The attack disrupted operations at hospitals in several states. Ardent says it has restored its electronic health records.
Ardent Health Services says it continues its recovery efforts following a ransomware attack.
The for-profit system discovered the attack on Thanksgiving, and the incident disrupted hospitals in several states. Ardent hospitals temporarily diverted ambulances to other facilities for a few days after the attack was discovered.
This week, Ardent says it has succeeded in restoring its access to Epic electronic health records, along with some clinical and business systems. The for-profit system says it is making progress in its recovery efforts and is continuing to provide care for patients.
“We continue to care for patients in our hospitals, emergency rooms and clinics,” Ardent said in a statement Wednesday. “At this time, our emergency rooms are accepting patients by ambulance and our clinics have resumed operations.”
Some non-emergency surgeries continue to be postponed due to the disruptions, Ardent says. The system has delayed some elective procedures since announcing the incident.
Ardent operates 30 hospitals and more than 200 sites of care in six states. The system says it has notified law enforcement officials about the incident and has also retained threat intelligence advisors.
“We are working around the clock to bring the remaining systems back online as quickly and safely as possible, and will continue to provide updates on our progress,” Ardent said Wednesday.
Ardent has said it’s unclear if patient records may have been exposed in the attack, but the system says it will notify individuals who have been affected.
The system is encouraging patients who have questions about upcoming procedures or appointments to contact their providers by phone.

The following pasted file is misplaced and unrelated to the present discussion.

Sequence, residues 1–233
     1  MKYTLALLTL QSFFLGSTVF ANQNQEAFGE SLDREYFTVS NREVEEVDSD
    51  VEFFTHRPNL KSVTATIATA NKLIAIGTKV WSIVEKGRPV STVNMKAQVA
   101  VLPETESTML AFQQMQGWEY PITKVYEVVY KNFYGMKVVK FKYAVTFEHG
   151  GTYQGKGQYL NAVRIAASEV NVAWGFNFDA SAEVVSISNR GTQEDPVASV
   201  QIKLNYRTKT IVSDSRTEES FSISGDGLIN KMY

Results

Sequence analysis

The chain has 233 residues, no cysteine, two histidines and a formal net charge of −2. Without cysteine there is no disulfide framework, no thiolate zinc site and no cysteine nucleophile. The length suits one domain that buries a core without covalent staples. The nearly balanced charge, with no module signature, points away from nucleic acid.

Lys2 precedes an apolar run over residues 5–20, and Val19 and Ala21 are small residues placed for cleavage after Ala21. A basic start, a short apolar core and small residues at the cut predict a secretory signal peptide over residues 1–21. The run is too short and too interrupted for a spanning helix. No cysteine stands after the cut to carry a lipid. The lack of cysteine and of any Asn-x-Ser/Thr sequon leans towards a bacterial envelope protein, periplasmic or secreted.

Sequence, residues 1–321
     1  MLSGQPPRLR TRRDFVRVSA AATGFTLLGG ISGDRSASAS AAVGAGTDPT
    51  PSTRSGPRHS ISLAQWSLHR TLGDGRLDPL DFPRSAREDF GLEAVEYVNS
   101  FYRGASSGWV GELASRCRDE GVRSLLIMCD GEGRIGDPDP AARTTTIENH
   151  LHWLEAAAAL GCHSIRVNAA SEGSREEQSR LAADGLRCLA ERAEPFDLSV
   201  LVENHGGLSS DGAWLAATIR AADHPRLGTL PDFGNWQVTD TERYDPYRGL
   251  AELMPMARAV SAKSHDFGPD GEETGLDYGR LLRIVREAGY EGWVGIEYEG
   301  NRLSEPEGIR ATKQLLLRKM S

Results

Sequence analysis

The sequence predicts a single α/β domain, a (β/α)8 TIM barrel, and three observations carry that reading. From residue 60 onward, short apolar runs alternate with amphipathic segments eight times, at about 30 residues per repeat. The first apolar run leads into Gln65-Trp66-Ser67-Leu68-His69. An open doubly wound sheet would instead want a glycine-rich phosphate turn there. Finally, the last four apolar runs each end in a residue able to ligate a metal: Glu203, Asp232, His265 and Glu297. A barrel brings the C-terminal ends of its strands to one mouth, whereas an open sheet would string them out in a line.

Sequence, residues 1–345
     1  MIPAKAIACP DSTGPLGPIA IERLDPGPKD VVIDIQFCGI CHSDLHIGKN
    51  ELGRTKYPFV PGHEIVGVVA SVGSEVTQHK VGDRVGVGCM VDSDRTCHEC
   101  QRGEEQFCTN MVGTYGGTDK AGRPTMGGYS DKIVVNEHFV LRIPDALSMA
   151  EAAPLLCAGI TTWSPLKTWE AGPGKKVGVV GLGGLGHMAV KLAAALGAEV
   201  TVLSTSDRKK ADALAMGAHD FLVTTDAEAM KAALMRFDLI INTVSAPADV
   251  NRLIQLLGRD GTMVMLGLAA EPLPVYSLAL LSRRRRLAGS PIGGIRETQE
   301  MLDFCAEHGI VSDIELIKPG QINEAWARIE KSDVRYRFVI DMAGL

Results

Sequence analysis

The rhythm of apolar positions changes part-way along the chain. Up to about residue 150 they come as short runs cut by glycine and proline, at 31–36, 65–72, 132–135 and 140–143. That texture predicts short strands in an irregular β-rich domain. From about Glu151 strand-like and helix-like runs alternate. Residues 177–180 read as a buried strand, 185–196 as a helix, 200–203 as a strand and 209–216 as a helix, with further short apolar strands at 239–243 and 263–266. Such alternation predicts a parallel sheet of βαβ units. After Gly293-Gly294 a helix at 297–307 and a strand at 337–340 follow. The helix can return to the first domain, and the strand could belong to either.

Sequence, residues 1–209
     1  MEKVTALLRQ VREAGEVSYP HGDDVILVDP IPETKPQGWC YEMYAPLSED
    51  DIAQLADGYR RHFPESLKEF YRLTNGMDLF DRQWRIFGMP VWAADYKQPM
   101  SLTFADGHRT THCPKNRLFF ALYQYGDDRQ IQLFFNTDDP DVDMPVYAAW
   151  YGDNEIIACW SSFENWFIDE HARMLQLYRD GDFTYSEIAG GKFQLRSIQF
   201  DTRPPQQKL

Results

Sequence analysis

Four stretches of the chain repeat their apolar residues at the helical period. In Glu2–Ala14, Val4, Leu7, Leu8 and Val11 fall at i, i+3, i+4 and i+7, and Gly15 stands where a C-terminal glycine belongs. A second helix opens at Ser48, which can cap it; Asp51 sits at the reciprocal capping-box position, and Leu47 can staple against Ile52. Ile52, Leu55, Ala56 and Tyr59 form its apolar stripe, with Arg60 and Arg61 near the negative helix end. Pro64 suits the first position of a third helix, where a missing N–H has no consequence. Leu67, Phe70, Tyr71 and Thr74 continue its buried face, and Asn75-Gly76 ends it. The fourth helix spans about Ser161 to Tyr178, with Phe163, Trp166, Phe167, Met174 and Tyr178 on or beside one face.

“Our teams continue to work directly with patients to ensure they receive the care they need,” Ardent said in a statement.
For UT Health East Texas, part of the Ardent system, the restoration of electronic medical records for providers is “an important milestone in our restoration efforts,” Allison Pollan, a spokesperson said via email. UT Health East Texas regrets the inconvenience for patients, she said.
“Our teams continue working around the clock to bring the remaining systems back online as quickly and safely as possible,” Pollan said.
More than 220 cyberattacks targeting hospitals and health systems occurred in the first half of the year alone, according to the American Hospital Association. The Westchester Medical Center Health Network in New York said ambulances had to be temporarily diverted following a cyberattack in October.
More than 88 million individuals have been affected by breaches of private health data this year, a 60% increase over the previous year, the U.S. Department of Health & Human Services said in November.
The Joint Commission published some guidelines in August for hospitals to respond to cyberattacks and continue caring for patients. The commission urges hospitals to develop plans to care for patients even if electronic health records can’t be accessed for an extended period.
“Organizations should be prepared to have life- and safety-critical technology offline for four weeks or longer,” the commission suggests.
Podcast: In our latest installment of the Data Book podcast, Michael Hamilton of Critical Insight talks about cyberattacks on hospitals, emerging threats, and what health systems should be doing to protect themselves.